Spring has one other Graves fire, the wall behind flippantly sprinkled with stencilled crops, Jencks having rejected a design by Rem Koolhaas and the artist Madelon Vriesendorp as insufficiently vernal, regardless of the latter’s protestations {that a} sample of colored parallelograms evoked Dutch tulip fields. Summer season is the eating room, brilliant, with chairs like Egyptian sunbursts and an Allen Jones portray of a nude dancing to a bearded outdated satyr’s lute. Autumn is the kitchen, with motifs from Hindu temples (an Indian summer season, you see) and wood spoons made into architectural ornament.

The master bedroom.
The main bedroom, harking back to Charles Rennie Waterproof coat. {Photograph}: Oliver Wainwright

There may be extra. The spiral stair is what Jencks referred to as an “summary realisation of the photo voltaic 12 months”. Its variety of steps denote the weeks of the 12 months. The face of every is incised with seven traces, for days of the week. On the backside of the stair is a round plaque within the flooring, by Paolozzi, which represents a black gap. You may ascend by way of this stair to a library like the within of a ceremonial tent, the place books are thematically organized in a small metropolis of building-like bookcases, and Jencks’s many 1000’s of 35mm transparencies are saved in slim vertical cupboards referred to as “slidescrapers”. The higher flooring embody a main bedroom harking back to Charles Rennie Waterproof coat’s white timber interiors, a moon-themed dressing room, kids’s bedrooms additionally laden with that means. Plus Keswick’s notably undecorated examine – “I perceive, Charles, every part has to symbolise one thing,” she as soon as stated, “however symbolism stops at my door.”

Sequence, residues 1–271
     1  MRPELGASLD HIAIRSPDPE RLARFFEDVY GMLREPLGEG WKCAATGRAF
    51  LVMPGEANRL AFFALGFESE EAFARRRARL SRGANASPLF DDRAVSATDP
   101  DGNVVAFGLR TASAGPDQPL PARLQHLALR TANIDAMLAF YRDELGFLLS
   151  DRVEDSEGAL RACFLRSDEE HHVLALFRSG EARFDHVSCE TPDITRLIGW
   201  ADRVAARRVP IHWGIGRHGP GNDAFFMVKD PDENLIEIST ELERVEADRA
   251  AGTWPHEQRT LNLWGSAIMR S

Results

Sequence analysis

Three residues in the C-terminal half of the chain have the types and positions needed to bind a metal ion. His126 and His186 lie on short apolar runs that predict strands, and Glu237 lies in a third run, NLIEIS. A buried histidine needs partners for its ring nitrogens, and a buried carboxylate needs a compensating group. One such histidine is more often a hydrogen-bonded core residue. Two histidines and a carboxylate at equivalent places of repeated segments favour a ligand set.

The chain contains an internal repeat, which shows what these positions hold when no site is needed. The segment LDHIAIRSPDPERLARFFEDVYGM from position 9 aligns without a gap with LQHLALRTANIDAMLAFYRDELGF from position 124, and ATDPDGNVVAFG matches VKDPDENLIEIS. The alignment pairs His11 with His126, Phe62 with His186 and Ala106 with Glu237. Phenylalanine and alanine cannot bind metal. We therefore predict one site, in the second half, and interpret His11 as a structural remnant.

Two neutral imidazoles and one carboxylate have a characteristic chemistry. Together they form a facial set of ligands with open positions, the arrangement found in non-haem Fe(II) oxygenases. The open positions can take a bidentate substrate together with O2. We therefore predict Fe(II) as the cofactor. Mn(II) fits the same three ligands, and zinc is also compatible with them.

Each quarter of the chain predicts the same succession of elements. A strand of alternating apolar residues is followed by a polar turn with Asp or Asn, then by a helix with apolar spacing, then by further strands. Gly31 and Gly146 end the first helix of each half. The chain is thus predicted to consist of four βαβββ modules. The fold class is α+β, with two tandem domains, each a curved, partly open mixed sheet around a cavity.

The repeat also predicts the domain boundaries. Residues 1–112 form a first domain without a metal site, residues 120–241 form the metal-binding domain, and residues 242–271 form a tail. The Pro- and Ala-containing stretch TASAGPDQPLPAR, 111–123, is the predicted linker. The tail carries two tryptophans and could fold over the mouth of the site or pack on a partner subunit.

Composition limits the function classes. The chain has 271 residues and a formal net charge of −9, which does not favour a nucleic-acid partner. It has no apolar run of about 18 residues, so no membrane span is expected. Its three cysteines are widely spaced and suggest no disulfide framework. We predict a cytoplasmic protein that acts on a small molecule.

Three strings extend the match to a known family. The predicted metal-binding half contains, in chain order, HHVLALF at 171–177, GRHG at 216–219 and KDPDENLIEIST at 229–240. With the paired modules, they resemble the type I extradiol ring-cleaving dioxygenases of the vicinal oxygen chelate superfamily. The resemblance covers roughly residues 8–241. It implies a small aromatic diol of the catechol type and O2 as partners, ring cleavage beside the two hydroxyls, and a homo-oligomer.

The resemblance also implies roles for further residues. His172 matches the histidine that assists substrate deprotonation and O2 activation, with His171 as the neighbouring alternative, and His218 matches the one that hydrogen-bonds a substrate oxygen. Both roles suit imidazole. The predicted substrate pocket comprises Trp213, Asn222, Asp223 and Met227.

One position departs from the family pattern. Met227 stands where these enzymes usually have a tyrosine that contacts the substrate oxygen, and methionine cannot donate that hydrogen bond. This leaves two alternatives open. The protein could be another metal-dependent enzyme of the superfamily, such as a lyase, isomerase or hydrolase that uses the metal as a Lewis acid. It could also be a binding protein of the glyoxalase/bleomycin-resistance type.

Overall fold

It’s also possible to go all the way down to a decrease floor flooring that features a whirlpool bathtub by the architect Piers Gough, made to seem like the inverted dome of a Roman baroque church. You may exit right into a backyard whose symmetrical clipped hedges culminate in an arched wood pergola framing a mirrored door. “THE FUTURE” is inscribed upon it. You may return to the home by way of a double staircase in atypical metal, operatic and industrial directly.

The whirlpool bath designed by the architect Piers Gough.
The whirlpool bathtub designed by the architect Piers Gough: ‘just like the inverted dome of a Roman baroque church’. {Photograph}: Sue Barr